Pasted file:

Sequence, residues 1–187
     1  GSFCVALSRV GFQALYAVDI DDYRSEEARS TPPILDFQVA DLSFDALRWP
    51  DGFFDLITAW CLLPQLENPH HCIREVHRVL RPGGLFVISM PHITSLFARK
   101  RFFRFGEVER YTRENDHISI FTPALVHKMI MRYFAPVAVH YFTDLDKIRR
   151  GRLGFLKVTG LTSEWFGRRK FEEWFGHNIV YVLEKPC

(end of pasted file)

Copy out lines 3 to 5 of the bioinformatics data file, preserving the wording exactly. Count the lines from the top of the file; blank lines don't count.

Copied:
    51  DGFFDLITAW CLLPQLENPH HCIREVHRVL RPGGLFVISM PHITSLFARK
   101  RFFRFGEVER YTRENDHISI FTPALVHKMI MRYFAPVAVH YFTDLDKIRR
   151  GRLGFLKVTG LTSEWFGRRK FEEWFGHNIV YVLEKPC